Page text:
Who were the Mongols? Around 500 BCE, a tribe of nomadic people called the Mongols lived in Asia. The Mongols were traders and herdsmen. They herded sheep and traded horses with the ancient Chinese and Persians. In the summer, they moved with their herds across the vast steppes of Asia, seeking fresh pasture land. GREAT MILITARY BATTLES At the height of the Assyrian Empire (700 BC) she possessed the most powerful army yet seen in the ancient world, and would go on to dominate the for three hundred years. Expansion began in the reign of King Ashurnasirpal II (883 – 859) BC whose campains would reveal the true military skill on which the Assyrians would conquer, their superior tactics and technology in siege warfare. In his first campaign, Ashurnasirpal captured five cities in an era when other warlords would have regarded the capture of one a successful conclusion to hostilities. Ashurnasirpal’s son Shalmaneser III (859 - 824) BC also adopted a policy of conquest.

Sakamoto Ryoma and Nakaoka Shintaro: Very Different, Yet Very Similar The alliance between Satsuma and Choshu, concluded in early 1866, was a turning point in the revolution. Sakamoto Ryoma’s biographers never fail to point out that the epochal event was brought about by a political outlaw who considered himself “a nobody.” While Ryoma receives so much of the historical limelight, it must not be forgotten that Nakaoka Shintaro, Ryoma’s cohort from Tosa, also played an indispensable role in bringing about the Satsuma-Choshu Alliance. Until the alliance was concluded, Satsuma and Choshu were bitter enemies.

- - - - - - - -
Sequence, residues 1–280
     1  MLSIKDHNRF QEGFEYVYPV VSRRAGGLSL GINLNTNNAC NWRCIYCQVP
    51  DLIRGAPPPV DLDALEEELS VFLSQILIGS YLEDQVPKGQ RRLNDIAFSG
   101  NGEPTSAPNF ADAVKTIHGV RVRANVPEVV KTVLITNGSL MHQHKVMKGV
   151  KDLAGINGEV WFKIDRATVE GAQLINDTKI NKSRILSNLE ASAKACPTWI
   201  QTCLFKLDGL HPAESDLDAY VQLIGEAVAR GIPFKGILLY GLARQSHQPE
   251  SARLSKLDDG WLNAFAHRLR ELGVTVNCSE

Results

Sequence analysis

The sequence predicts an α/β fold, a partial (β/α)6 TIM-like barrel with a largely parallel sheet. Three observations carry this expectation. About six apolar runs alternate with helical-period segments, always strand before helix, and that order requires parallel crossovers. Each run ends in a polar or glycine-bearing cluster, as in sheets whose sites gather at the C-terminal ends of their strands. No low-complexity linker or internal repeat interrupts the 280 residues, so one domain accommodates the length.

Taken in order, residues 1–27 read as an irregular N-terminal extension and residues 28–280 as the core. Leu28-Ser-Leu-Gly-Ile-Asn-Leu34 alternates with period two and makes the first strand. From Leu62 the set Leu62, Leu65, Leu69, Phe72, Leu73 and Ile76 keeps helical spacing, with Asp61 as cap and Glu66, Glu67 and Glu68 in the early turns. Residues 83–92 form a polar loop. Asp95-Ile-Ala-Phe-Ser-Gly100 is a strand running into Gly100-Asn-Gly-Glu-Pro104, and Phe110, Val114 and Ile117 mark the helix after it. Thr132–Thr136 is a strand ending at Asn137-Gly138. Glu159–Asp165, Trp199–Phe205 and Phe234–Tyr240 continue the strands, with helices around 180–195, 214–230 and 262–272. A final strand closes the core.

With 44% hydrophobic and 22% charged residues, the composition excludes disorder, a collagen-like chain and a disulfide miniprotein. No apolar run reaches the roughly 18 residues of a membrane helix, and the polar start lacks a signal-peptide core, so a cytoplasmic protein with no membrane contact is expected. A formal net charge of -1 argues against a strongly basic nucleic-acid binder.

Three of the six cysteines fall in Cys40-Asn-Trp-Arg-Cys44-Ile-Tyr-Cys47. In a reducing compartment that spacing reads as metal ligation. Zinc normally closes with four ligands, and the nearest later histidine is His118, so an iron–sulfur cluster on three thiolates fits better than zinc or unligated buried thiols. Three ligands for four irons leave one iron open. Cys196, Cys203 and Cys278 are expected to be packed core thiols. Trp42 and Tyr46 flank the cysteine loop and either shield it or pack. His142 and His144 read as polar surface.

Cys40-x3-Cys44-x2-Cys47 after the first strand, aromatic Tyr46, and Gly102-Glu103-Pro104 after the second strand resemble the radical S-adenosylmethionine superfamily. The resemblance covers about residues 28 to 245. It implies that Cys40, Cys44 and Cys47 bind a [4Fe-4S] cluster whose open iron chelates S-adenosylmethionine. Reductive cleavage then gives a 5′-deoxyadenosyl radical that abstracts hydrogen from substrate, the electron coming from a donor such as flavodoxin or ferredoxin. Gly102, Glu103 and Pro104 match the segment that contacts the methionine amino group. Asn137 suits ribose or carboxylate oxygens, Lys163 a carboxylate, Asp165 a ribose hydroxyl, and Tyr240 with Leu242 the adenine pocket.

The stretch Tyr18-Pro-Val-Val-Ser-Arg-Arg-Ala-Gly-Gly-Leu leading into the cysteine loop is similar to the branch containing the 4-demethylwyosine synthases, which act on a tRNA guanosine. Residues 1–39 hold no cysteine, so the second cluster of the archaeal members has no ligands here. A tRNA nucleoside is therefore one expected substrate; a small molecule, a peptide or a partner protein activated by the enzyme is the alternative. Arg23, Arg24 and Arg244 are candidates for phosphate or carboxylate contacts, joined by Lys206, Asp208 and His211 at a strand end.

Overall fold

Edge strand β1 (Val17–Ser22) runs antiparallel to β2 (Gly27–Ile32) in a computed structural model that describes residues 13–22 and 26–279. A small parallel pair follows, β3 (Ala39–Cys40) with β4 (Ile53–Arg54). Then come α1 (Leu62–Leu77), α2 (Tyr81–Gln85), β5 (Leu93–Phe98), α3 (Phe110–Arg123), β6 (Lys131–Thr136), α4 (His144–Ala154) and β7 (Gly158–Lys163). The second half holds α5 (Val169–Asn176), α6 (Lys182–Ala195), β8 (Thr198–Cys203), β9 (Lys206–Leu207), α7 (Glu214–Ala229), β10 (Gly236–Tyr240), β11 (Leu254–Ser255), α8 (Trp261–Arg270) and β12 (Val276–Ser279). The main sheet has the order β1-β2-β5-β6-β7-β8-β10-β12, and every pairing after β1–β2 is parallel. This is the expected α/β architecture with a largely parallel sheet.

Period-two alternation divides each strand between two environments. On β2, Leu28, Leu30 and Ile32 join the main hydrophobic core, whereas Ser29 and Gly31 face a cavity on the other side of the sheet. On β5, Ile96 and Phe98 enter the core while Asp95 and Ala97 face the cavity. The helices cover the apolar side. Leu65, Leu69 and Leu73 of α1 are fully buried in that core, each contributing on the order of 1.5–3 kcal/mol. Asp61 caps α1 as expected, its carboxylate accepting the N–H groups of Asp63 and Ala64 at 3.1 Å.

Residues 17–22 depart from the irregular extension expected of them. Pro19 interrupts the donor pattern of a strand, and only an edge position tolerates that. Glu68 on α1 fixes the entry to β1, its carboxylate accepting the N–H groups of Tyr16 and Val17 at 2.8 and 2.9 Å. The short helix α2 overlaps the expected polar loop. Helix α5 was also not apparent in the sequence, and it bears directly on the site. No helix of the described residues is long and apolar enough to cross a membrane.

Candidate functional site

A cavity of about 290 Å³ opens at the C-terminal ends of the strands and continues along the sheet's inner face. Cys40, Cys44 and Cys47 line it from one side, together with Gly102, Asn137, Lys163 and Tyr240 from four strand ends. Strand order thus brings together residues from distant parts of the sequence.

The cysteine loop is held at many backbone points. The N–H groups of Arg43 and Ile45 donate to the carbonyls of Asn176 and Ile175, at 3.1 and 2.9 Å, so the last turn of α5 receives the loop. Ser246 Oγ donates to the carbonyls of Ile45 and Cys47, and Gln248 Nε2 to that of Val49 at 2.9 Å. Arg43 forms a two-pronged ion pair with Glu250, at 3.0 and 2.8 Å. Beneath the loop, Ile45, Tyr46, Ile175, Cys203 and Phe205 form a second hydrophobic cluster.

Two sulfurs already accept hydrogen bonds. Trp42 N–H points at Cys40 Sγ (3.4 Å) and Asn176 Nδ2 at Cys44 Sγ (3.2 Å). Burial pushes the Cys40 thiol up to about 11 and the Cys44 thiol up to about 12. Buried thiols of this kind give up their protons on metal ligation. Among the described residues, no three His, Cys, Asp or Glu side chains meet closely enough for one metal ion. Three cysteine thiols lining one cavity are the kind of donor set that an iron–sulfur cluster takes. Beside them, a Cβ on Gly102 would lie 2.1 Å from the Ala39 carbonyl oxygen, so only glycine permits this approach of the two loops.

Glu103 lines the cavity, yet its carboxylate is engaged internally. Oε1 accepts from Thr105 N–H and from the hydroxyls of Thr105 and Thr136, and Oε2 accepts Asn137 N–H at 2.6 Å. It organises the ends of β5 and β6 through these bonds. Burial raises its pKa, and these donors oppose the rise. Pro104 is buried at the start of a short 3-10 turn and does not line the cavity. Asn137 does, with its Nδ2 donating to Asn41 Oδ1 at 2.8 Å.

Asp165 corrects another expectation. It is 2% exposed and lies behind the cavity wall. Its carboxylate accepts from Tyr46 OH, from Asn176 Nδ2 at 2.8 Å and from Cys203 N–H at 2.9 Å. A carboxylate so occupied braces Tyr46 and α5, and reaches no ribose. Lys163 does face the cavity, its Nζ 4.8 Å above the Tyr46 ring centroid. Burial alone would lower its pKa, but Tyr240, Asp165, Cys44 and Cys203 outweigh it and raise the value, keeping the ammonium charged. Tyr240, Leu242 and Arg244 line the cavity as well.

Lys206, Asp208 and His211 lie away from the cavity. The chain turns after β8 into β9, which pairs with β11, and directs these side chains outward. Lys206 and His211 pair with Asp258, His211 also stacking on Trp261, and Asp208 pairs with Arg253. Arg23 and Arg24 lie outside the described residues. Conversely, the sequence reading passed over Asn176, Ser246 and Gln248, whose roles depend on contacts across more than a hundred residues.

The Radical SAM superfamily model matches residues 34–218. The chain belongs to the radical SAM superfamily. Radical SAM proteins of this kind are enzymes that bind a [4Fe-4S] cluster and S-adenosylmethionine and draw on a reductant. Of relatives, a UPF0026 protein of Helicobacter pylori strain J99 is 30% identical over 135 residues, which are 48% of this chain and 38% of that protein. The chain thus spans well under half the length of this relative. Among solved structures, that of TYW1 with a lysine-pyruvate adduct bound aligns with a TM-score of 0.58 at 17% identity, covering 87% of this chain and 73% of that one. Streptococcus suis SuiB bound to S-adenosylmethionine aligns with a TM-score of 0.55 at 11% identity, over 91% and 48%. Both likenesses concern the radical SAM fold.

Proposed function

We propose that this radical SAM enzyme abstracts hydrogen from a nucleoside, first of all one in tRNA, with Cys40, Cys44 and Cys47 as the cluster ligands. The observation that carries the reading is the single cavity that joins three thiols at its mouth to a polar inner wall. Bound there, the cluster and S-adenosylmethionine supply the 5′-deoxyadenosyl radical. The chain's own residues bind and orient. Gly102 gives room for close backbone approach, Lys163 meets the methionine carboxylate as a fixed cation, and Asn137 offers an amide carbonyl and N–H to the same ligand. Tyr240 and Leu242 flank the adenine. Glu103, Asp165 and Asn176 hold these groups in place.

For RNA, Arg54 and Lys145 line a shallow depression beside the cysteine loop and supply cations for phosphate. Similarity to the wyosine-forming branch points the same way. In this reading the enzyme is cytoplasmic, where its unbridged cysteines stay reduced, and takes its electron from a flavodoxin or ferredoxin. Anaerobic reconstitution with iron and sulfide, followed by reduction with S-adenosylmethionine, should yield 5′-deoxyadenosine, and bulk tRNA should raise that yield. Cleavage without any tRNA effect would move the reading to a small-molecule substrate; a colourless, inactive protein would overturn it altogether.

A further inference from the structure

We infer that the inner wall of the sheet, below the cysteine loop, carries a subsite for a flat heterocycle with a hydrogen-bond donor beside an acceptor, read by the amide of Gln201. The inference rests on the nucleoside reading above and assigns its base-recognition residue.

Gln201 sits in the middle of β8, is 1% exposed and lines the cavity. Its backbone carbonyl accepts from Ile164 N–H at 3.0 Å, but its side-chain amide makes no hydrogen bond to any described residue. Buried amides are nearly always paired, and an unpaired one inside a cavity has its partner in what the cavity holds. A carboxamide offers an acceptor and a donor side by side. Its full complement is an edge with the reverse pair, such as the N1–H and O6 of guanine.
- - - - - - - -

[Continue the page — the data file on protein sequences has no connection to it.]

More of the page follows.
The Crusades - home page Return from the Crusade by Karl Friedrich Lessing Rheinisches Landesmuseum This site is a fully virtual course offered through Boise State University. The course materials are open to the general public and to other educators. Please see the Visitor Center for details. Visitor Center Classroom The 9,000-year-old underground megalithic settlement of Atlit Yam Not far off the coast of the village of Atlit in the Mediterranean Sea, near Haifa in Israel, lies the submerged ruins of the ancient Neolithic site of Atlit Yam. The prehistoric settlement, which dates back to the 7 th millennium BC, has been so well preserved by the sandy seabed that a mysterious stone circle still stands as it was first erected, and dozens of human skeletons lay undisturbed in their graves. Atlit Yam is one of the oldest and largest sunken settlements ever found and sheds new light on the daily lives of its ancient inhabitants. Today, Atlit Yam lies between 8 – 12 metres beneath sea level and covered an area of 40,000 square metres.

Europe in the Late Middle Ages This site is Dr. Knox's online course on the Late Middle Ages. This upper-division college course covers the history of Europe from 1300 to the beginning of the Reformation (1517), a period that is often called "the Renaissance." This course concentrates on social, political and economic history, leaving the visual and literary arts to other disciplines on campus; it does, however, consider the Renaissance as a general cultural movement. The Early Middle East Symbols of the three religions that originated in the Middle East: Judaism, Christianity, and Islam. "The cradle of civilization." Throughout the centuries, historians have used these powerful words to describe the Middle East. In the ancient Middle East, many great civilizations rose and fell. The religions of Judaism, Christianity, and Islam each trace their origins back to this part of the world.

Europe in the Age of the Reformation This site is intended for multiple audiences: my students, other teachers, and the general public. Anyone is welcome to browse through any part of the site. Only the discussion area is restricted to students currently enrolled in the course. If you are just visiting, go to the Visitors Center. If you are a current student, or if you are considering signing up for this course, go to the Classroom.